Sunday, June 17, 2007

Looking-Glass Editions - Affordable Art for $25.00...


Well, I've decided to jump on the train (driven it seems by Jen Bekman...) while it's still slow moving and before it picks up too much momentum.

This picture is the first of my
affordable edition prints and is available for only US$25.00 until the edition of 100 is all sold out - This is art you can't not afford to buy

Willow #7, Tin Can Hill - from the
Immersive Landscapes - Boreal Forest/Precambrian Shield Project - is an 7 1/2"x9 1/2" pigment ink print on Silver Rag paper, signed and numbered on the reverse.

I'm following
Julian Thomas' model of 25x100 - only100 prints for 25.00 each. But there are of course the existing smaller "traditional" editions available in 11x14 and 20x24

This picture is already in a couple of major collections - The Getty Museum Research Institute in LA and the Provincial Art Collection of Alberta.

Simply click on the link in the sideabar to buy (25.00 + 10.50 shipping to wherever you are).
(If you are in Canada, email me at the link in the sidebar, as shipping is a bit cheaper. I will also take USPS International Money Orders - again, email for details. And let me know if the Paypal button isn't working - it seems a bit fussy to set up...)

Finally, it was a comment by the inimitable Luis Gottandi that got me going seriously on this:

"If for no other reason, this is a good idea in that it breaks through the dominant marketing conventions of the day. Yes, I hope it works and taps into a fringe segment of the market that has been waiting for a long time for such an opportunity.


A lot of potential buyers have had to make do with posters and/or sidewalk-show imagery, yet are educated, savvy and hunger for more.


The world of the arts merchants has encysted itself in its own drag shadow for decades now, and is, historically speaking, overly ripe for change."

And why Looking Glass Editions? Perhaps turning things topsy turvy like Alice... and of course every photograph is in some ways like a mirror - and sometimes we only see as in a glass, darkly.

10 comments:

Julian said...

Tim, I think you are going to have a blast doing this. I've spent the weekend printing and packing - just been to the post office to send the first batch. I've had contact with people I'd never comunicated with before, people who watch my site, but who I didn't know existed. It is really nice to find homes for prints. oh, and I got the paypal button to work..!

Steve Durbin said...

As a driver of the movement, I think Brooks Jensen of Lenswork deserves more credit. He has been pushing real people prices for a while, and many photographers debated and responded long before Bekman's move. Of course, her initiative will help, and is well timed.

I hope this works well for you!

Julian said...

I think the difference with Brook is he doesn't think ANY prints should be big prices. The difference with Tim's approach is he is till producing larger sizes at 'real' prices. The gripe I'm beginning to see about this is that we are enforcing the idea that 'expensive' equals big size.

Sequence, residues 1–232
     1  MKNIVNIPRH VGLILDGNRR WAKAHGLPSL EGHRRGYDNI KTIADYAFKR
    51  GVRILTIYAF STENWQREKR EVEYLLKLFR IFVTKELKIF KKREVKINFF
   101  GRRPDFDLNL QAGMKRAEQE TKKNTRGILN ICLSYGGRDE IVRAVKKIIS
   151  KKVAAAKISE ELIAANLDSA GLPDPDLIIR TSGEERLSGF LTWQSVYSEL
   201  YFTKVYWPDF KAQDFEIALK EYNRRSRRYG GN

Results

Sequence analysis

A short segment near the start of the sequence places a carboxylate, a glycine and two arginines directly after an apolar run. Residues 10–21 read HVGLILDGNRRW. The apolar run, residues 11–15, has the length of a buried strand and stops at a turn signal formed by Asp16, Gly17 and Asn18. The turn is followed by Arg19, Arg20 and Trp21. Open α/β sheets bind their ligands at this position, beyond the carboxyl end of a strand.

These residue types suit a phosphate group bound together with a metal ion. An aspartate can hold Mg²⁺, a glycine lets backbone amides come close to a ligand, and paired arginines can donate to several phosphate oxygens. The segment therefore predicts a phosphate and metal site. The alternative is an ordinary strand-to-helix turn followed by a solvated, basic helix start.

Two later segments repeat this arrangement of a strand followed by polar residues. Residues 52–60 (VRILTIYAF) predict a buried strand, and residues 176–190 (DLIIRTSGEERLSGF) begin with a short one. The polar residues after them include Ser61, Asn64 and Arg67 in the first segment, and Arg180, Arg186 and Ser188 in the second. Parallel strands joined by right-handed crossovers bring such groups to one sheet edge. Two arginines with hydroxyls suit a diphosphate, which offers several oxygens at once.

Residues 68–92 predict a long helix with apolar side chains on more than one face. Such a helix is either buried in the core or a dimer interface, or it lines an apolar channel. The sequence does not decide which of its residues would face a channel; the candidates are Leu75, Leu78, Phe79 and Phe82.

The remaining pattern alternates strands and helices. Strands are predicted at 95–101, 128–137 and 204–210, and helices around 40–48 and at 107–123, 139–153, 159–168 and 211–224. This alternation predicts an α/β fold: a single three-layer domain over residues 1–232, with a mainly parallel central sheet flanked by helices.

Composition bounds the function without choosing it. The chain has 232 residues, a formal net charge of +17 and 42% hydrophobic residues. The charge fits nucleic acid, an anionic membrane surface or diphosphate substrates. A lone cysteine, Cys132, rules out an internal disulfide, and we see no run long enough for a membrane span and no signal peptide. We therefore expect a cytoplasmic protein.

John said...

Agree with Julian about the size issue. The way the Beckman project is structured it seems that small prints are defined as cheap starter art rather than as an aesthetic choice.

Julian said...

I suppose the other way of looking at it is small edition equals bigger price. I'd really like to do some small work, maybe polaroid size. I'm working on something which is small prints, maybe 2x4 inches, stuck on board to make a bigger montage, although i guess that is stearing away from photography and into the 'art' category where the issues are different

tim atherton said...

Yes, I think there is a significant and important difference between Bekman's approach and Brooks Jensen's. Jensen appears to believe that ALL photography should really be valued at this level, which I think is simply wrong headed.

(I think there's a sort of libertarian/live-in-the-woods/isolationist/faux egalitarianism that feeds into a sort of chip on the shoulder anti-Art stance that can be seen in a certain area of photography which appears in many ways to be a peculiarly American phenomenon. You can see it in the numerous posts at somewhere like Paul Butzi's blog

Steve Durbin said...

Well, I agree with your last paragraph, but I didn't interpret Jensen as you do. Looking at his web page, his statement includes:

"I applaud the expensive and collectible artwork found in typical art galleries and in no way exclude photography from this category. I do, however, still believe there is a place for affordable images in the everyday lives of all of us who love images."

Doesn't sound all that different to me.

tim atherton said...

well, that's certainly different from what I recall of his early statements on the idea. It's also different from what appeared to be his stance in several discussions on the concept.

But in the context of his overall approach, I still think it is different from Bekman's in a way which I don't find really helpful

Unless he has changed his tune significantly over the last two or three years

anil said...

Hi Tim,
I had ordered a print earlier of your Willow #7, I really liked it, the composition and tones were excellent. I went out the other day and tried to shoot something similar, the pics are at http://www.pbase.com/anilwarrier/chaotic_landscapes , take a look when you get time and let me know what you think.

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